Transforming the practices to know them: action research and teaching professionalization

Within the scientific institution, action research designates a type of conduct with its own peculiarities. However, as the different histories of action research demonstrate, the term itself has seen periods of greater or lesser popularity, and the procedures it has qualified have also experienced remarkable evolutions. Nowadays, action research and intervention research are largely presented as similar and even confused. In the universe of teaching, action research, whilst vividly present in the education, renovation and even management devices, is seldom regarded as a research procedure. This article examines the way in which action research interferes with this object of research constituted by the teaching practices. We question, in particular, the fact that the model of action research (which mobilizes a collective dimension) suffers the competition, in the process of professionalization of teaching, of the reflective practitioner model (more based on an individual dimension). If there is a tradition of action research and if the characteristics of this procedure continue to influence the research on education, this happens today in a field of research that is about to be redefined, including the socio-clinical studies and the work of those researchers that call themselves practitioners-researchers. The transformations that a research can generate in a given space do not exhaust its objectives; on the contrary, they allow the production of knowledges with their own peculiarities, especially that of exploring social dynamics more than supposedly static situations.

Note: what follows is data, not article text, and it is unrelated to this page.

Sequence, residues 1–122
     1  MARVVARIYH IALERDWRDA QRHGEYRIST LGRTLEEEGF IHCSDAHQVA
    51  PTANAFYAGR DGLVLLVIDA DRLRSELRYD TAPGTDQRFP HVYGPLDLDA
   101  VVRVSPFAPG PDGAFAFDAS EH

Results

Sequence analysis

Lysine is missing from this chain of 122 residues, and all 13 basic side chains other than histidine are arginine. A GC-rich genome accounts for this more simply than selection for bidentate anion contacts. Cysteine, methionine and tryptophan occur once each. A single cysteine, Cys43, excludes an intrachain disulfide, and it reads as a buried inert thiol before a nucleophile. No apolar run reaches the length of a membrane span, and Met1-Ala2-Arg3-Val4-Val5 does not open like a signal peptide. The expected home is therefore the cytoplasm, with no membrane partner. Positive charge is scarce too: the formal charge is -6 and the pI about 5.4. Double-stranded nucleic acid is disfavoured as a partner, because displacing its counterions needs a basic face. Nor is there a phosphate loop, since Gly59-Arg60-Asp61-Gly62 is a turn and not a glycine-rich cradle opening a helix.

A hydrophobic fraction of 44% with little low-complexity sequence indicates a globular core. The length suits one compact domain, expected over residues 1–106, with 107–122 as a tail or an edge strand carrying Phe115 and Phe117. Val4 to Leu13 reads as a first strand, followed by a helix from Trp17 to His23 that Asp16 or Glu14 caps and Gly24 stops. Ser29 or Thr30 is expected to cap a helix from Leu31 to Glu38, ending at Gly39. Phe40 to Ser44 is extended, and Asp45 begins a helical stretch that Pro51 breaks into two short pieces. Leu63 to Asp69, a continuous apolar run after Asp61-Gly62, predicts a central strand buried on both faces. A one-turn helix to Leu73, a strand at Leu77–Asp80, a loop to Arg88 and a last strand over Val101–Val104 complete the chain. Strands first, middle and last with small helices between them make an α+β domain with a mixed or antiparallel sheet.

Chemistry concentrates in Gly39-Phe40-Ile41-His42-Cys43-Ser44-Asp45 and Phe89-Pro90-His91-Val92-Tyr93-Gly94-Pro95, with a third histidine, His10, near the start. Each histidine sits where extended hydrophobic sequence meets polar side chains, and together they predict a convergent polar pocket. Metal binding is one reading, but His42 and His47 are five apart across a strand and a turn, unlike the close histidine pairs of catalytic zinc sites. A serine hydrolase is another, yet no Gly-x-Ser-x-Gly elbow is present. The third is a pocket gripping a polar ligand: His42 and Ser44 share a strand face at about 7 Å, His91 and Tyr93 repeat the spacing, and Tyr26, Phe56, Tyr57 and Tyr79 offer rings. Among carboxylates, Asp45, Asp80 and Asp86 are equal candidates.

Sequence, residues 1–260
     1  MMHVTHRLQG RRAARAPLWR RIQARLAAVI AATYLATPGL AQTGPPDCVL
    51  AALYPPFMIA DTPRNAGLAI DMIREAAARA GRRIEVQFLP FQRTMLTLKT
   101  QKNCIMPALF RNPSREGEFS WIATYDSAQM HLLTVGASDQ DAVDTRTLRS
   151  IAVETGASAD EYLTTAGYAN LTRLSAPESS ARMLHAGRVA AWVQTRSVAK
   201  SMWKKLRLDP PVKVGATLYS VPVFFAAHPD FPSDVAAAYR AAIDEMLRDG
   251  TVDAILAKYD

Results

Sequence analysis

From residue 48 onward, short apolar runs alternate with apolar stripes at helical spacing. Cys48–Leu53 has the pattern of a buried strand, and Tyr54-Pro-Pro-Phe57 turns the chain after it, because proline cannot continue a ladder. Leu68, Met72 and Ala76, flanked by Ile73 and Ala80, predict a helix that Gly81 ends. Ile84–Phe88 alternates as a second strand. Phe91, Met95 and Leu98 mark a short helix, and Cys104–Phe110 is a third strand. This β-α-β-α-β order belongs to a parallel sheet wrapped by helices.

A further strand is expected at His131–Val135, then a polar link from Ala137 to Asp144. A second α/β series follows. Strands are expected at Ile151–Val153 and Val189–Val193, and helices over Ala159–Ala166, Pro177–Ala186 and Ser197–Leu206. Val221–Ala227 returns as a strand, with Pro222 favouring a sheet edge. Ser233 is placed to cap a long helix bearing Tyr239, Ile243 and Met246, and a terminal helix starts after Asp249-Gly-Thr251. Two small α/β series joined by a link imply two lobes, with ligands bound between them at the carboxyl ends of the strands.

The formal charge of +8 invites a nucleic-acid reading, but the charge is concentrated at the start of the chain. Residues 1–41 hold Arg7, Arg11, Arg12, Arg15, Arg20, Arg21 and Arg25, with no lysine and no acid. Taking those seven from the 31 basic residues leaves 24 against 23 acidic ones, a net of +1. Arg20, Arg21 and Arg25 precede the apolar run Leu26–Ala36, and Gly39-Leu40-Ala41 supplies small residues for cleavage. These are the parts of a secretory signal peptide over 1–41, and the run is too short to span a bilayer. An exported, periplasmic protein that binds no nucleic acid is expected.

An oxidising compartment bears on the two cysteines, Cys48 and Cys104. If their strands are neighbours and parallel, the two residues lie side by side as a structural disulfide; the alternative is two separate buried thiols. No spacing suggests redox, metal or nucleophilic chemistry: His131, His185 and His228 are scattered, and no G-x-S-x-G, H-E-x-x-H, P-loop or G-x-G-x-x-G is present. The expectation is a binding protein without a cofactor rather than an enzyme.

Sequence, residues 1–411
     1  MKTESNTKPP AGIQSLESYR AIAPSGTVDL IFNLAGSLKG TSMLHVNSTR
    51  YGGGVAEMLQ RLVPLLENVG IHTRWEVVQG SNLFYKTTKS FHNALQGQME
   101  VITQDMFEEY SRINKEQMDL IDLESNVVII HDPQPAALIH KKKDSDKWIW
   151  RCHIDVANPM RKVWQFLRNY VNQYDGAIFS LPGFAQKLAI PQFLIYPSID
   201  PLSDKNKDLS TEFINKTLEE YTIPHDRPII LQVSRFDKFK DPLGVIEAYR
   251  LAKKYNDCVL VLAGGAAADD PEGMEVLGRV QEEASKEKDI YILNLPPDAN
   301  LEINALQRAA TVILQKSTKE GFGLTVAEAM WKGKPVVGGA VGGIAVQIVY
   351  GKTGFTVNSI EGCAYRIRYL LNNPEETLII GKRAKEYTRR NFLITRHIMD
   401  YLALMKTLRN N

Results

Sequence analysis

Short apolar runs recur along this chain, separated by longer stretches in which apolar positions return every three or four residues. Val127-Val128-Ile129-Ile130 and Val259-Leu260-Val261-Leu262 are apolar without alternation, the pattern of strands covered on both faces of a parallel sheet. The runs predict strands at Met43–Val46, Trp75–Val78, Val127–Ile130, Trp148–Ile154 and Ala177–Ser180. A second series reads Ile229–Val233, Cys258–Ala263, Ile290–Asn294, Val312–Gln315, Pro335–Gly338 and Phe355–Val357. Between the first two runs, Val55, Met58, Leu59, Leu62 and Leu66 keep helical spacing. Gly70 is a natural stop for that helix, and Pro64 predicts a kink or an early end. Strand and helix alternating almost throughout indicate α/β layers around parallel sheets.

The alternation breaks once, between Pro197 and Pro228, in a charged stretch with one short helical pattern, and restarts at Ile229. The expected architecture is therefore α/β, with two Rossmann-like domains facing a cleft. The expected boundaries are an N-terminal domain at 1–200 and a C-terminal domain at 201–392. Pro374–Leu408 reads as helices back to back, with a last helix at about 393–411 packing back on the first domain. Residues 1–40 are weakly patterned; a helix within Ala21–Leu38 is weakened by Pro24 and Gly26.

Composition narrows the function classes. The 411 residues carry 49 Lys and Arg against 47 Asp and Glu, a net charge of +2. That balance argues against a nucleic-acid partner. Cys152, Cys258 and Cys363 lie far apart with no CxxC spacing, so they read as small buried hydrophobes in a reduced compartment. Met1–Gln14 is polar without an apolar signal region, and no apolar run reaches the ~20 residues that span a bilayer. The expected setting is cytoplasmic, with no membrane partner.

Action research; Research procedures; Teaching practice; Teaching professionalization


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